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Apr 27, 2015 6:56 AM

Sudan's al-Bashir re-elected with 94 percent of vote

The Associated Press

KHARTOUM, Sudan (AP) Sudan's President Omar al-Bashir won re-election with 94 percent of the vote, according to official results announced Monday, extending his 25-year rule despite international war crimes charges and multiple insurgencies.

The head of the Election Commission, Mokhtar al-Assam, announced the results to reporters. He said turnout was 46.4 percent, insisting that widespread reports of low participation were "not accurate."

He said al-Bashir won 5.58 million votes. The other 12 presidential candidates were virtually unknown to the public.

The four-day vote began April 13. Nearly 13 million people were registered to vote at some 11,000 polling centers. Polling stations in the capital, Khartoum, were largely deserted.

Al-Assam said turnout was lowest in Khartoum, at 34.48 percent, while Kasala state in eastern Sudan led with 66.1 percent turnout.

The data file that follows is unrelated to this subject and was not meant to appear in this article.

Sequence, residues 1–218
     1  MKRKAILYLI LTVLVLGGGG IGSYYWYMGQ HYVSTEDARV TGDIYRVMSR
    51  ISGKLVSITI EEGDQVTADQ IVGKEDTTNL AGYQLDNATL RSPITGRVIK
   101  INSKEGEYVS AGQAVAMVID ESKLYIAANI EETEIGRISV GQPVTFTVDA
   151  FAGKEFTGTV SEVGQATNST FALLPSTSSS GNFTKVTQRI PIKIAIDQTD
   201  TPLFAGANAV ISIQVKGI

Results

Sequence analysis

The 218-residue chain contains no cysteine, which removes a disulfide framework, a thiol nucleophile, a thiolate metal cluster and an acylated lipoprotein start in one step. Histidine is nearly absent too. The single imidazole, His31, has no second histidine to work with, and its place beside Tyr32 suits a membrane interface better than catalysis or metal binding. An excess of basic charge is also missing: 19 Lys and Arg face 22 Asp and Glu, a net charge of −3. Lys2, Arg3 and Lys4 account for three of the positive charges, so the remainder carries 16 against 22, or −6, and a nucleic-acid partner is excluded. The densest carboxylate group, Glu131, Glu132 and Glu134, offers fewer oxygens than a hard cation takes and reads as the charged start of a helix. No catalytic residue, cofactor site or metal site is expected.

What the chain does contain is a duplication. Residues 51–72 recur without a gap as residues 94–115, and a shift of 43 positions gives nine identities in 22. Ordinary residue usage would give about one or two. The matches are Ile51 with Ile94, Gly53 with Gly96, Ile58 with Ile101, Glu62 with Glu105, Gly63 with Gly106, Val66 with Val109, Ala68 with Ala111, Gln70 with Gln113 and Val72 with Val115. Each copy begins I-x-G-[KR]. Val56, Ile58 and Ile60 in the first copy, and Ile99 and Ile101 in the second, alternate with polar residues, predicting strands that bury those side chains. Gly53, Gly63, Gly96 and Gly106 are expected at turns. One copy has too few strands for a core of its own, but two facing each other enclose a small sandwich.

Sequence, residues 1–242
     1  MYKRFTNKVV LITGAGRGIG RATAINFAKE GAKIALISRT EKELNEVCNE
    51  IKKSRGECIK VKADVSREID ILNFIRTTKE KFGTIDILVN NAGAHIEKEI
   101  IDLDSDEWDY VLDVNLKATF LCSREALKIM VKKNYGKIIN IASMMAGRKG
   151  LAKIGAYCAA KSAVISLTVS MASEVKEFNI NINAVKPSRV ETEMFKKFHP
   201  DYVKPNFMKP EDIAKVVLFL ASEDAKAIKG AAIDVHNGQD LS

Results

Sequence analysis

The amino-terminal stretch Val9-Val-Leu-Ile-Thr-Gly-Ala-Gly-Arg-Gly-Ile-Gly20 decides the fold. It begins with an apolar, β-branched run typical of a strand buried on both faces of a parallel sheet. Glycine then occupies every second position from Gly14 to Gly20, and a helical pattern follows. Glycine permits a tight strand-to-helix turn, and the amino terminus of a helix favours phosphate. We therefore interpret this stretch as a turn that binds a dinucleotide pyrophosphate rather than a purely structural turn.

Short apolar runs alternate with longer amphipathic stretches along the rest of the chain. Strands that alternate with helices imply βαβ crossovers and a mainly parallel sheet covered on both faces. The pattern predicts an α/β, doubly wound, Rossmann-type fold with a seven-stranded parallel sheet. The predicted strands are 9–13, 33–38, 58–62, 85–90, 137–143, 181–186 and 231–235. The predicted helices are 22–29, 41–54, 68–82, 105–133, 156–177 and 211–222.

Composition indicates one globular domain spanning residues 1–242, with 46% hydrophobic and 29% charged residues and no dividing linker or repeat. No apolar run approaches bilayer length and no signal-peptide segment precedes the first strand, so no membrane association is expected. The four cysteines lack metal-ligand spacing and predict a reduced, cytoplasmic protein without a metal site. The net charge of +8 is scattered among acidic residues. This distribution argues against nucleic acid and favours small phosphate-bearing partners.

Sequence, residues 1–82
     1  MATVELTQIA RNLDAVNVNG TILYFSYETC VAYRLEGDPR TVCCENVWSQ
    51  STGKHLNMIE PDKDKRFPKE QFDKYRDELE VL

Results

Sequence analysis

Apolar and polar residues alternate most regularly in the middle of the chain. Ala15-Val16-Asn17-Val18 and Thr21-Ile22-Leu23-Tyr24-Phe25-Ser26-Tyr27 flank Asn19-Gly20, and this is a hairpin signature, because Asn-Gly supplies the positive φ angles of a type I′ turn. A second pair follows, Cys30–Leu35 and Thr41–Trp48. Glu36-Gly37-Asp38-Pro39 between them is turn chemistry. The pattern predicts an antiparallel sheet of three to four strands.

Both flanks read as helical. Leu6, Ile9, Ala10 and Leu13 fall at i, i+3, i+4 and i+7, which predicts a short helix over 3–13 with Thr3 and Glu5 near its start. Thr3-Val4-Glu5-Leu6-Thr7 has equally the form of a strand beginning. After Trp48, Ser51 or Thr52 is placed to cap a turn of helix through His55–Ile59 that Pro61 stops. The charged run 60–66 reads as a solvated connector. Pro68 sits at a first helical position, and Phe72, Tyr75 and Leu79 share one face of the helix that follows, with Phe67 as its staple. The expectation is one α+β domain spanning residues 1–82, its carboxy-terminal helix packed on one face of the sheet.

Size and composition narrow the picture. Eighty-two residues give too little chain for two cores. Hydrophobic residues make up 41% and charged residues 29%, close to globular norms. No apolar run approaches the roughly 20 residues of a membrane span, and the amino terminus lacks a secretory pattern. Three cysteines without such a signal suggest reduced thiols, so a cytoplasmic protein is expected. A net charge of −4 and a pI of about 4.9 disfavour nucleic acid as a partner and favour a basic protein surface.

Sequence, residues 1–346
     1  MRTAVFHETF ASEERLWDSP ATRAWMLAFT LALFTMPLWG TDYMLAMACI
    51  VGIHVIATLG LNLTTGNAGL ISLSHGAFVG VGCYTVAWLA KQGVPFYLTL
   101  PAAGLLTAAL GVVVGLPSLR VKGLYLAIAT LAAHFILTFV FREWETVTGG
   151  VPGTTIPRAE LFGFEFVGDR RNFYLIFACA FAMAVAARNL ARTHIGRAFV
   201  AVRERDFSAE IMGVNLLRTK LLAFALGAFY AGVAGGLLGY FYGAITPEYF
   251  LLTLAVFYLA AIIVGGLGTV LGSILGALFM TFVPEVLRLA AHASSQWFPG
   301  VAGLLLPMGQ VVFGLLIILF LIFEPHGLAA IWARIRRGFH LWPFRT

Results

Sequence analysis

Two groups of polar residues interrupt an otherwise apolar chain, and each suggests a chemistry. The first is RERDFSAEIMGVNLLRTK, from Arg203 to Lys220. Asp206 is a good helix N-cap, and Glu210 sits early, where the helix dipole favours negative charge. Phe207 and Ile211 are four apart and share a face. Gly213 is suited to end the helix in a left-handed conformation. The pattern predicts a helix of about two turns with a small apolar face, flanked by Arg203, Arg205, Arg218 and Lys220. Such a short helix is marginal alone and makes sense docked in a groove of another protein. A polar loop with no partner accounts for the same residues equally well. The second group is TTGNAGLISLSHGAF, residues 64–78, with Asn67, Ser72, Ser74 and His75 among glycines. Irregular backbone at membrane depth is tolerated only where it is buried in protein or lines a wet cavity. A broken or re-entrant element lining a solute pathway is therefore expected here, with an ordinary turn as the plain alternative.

Al-Bashir, who took power in a bloodless Islamist coup in 1989, is the only sitting head of state facing genocide charges at the International Criminal Court. The charges stem from the conflict in Darfur, where 300,000 people were killed and 2 million displaced during the government's brutal response to an armed rebellion.

The Sudanese opposition boycotted the vote after the government refused to postpone elections until a national unity government could be formed to ensure their fairness.

In a joint statement released Sunday, the opposition said it will not recognize the election results. It called upon the Sudanese people to join ranks to "topple" al-Bashir. The opposition had issued similar calls in the run-up to the vote.

The vote was the second multi-candidate election to be held in Sudan since al-Bashir came to power.

The election generated little excitement in Sudan, but was not entirely insignificant. Al-Bashir must remain in office to ensure he is never sent to the Hague to face the war crimes charges, and needs at least the veneer of legitimacy to attract badly needed foreign aid and investment after the 2011 secession of oil-rich South Sudan.


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